Socrates

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					         The Idea of Happiness
What do people associate happiness with?

Is it doing whatever you want?
Achieving everything you have set out to do?
• Usually freedom and life achievements top most
   peoples lists…

Is it possible to have both?
Is it possible to have neither freedom nor life
   achievements yet still be happy?

Is it possible to attain both freedom and life
   achievements but be unhappy?

• If yes, then does happiness rely on doing whatever
  you want, when you want to do it…
• If no, then is happiness not doing what you want,
  regardless of whether or not you want it done…

Can happiness be measured? How or why not?
If complete freedom and life achievements are
   impossible to attain;
• then what would be in-between the two ends of
   wanting to be free and achieving all of life’s
   greatest pleasures…

When does the “need” for happiness become a part
 of humanity...Does it need to be happy?

If so, can happiness be a universal essence out of a
   “force of necessity”…
             Socrates of Athens
                      469-399 BCE
          “The unexamined life is not worth living”

Socrates looked at what constitutes human happiness and
determined that human beings purse one end after another via
different means…

However, Socrates asked the question:
      Out of all the ends we purse, which one alone is
      worthy of desire/need?...instead of a want/sake of
      some other end…
More specifically:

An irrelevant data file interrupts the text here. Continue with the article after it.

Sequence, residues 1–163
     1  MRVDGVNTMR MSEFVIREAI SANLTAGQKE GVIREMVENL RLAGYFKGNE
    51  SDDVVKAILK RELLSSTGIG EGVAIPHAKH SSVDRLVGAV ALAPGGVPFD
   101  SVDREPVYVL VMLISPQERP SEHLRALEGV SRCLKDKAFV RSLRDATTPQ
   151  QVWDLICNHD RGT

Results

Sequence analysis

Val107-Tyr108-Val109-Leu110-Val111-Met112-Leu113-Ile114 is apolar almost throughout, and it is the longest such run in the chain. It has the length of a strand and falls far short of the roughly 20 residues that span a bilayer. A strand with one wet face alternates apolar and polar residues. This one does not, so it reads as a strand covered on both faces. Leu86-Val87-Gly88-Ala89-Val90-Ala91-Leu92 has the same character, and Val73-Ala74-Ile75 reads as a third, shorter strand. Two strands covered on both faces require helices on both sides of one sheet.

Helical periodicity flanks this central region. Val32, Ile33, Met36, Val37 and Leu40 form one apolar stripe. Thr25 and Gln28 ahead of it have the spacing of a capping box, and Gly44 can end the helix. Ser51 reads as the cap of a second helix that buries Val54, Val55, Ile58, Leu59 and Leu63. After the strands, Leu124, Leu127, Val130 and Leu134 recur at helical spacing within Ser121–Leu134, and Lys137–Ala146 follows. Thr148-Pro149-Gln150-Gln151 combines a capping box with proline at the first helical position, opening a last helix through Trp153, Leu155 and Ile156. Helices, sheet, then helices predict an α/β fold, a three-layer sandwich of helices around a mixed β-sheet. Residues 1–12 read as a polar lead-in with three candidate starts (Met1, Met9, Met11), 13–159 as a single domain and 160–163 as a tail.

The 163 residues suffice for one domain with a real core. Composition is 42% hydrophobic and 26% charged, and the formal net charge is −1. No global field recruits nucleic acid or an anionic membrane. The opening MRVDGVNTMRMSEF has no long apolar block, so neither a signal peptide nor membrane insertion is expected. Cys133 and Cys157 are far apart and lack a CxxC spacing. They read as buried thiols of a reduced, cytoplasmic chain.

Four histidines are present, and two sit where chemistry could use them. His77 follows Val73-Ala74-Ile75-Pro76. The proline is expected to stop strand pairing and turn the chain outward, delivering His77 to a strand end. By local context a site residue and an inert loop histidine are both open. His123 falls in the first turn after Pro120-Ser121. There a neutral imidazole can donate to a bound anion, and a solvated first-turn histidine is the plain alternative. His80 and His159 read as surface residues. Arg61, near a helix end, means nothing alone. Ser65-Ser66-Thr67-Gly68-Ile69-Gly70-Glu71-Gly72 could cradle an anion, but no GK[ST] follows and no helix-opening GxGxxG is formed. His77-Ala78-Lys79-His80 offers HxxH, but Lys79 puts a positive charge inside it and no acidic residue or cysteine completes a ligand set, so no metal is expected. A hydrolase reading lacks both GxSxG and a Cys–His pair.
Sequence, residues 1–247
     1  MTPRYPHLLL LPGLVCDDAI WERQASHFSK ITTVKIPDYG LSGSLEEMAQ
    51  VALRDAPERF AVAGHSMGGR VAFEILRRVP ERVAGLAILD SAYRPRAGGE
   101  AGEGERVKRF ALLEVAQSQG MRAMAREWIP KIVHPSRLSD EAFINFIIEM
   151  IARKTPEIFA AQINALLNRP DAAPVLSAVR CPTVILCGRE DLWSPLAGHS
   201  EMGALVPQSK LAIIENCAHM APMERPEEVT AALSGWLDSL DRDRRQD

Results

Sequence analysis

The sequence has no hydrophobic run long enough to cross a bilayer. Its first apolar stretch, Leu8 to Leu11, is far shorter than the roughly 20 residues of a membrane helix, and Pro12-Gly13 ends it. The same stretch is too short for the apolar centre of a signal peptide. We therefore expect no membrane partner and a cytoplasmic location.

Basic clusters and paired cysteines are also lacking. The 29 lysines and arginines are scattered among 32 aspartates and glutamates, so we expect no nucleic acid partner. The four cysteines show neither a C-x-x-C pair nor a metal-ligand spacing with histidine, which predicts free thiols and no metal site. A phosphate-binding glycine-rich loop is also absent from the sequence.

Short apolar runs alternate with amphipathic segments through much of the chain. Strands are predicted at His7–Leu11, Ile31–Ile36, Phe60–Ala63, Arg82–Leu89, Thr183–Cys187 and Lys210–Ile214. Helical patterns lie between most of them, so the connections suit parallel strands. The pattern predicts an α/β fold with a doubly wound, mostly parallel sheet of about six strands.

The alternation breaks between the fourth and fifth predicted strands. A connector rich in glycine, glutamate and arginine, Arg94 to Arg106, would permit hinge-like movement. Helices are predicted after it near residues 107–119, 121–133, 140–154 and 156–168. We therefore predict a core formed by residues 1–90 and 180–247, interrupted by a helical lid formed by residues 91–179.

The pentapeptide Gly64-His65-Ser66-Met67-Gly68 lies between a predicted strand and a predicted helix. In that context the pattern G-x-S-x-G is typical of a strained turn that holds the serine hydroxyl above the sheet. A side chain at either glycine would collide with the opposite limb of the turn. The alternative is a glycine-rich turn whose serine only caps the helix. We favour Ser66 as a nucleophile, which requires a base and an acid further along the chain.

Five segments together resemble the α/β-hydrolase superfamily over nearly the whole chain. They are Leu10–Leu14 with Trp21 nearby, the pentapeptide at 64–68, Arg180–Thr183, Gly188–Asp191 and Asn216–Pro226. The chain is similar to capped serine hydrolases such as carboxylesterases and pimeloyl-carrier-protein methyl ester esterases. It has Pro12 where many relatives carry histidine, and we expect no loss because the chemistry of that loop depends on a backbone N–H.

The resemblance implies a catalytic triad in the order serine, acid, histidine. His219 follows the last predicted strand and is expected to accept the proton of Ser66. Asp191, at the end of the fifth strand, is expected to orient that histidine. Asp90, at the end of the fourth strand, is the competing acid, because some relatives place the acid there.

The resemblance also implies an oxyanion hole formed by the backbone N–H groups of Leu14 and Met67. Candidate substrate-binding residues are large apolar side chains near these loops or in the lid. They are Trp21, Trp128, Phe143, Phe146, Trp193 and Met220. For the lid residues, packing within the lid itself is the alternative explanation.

What is the ultimate end?
      When do you desire to be happy?
Socrates determined that in order to properly answer
  this universal statement one must examine the
  choices we are currently making…but why?

• In order to determine whether or not we have
  made that end our own…

Human beings make choices for the sake of some
 end, which in turn is pursued for the sake of some
 other end after examination of previous choices…
                “Why do you do what you do?”

                      “What’s your purpose?”

  “What do you expect to achieve by making those choices?”

              “What are you living for?”

“What is the chief end in life that is alone worthy of desire?”

       The ultimate end looks at examining the choices made for the
ultimate end with regards to its own sake…in other words, the
ultimate choice…and by making this choice it will ultimately make
me happy out of a force of necessity…
    •But what is the ultimate choice?
    •How many choices are there?
Socrates was aware that happiness was universally pursued
  by everyone as the ultimate end…desired not for the sake
  of some other end, but for its own sake…
                              Complete Happiness?

What Socrates identified is that humanity is divided into 3
  groups with respect to how the ultimate end promises
  happiness…
• The first group is the majority
   – Identity pleasures as the ultimate end (to any sensation)
• The second group is a sub-group of the majority
   – Those willing to sacrifice certain pleasures for one or two specific
     pleasures (fame, status, prestige…)
• The last group is the minority
   – Identify knowledge or wisdom as the ultimate end (pursue no
     sensational pleasure as their ultimate goal…sacrifice all pleasures)
  Majority…no
  sacrifices for
  pleasure…accept all
  and any pleasure…

   Second to majority or
   more so as a sub-part
   of the majority
   …sacrifices certain
   pleasures for other
   specific pleasures…

Minority… Socrates
considered himself in this
group...complete sacrifice
of all pleasures…attain
complete happiness…
The one universal end that all people have in common is? Is there a
common essential quality? Does any one person come to mind?


                      Happiness
 If not then everyone is unhappy, or at least completely
 unhappy, and it is not self-evident what constitutes happiness.
 If this is true, then happiness contains no essence.
 Yet we are intelligible enough to know that happiness exists.

 What is happiness? In other words, what is the chief end in life
 that is alone worthy of desire?

 Socrates argues that the ultimate end is the “greatest good”…
    The Greatest Good: (Ultimate Good: Ultimate End) attaining
                  knowledge for its own sake…


                     End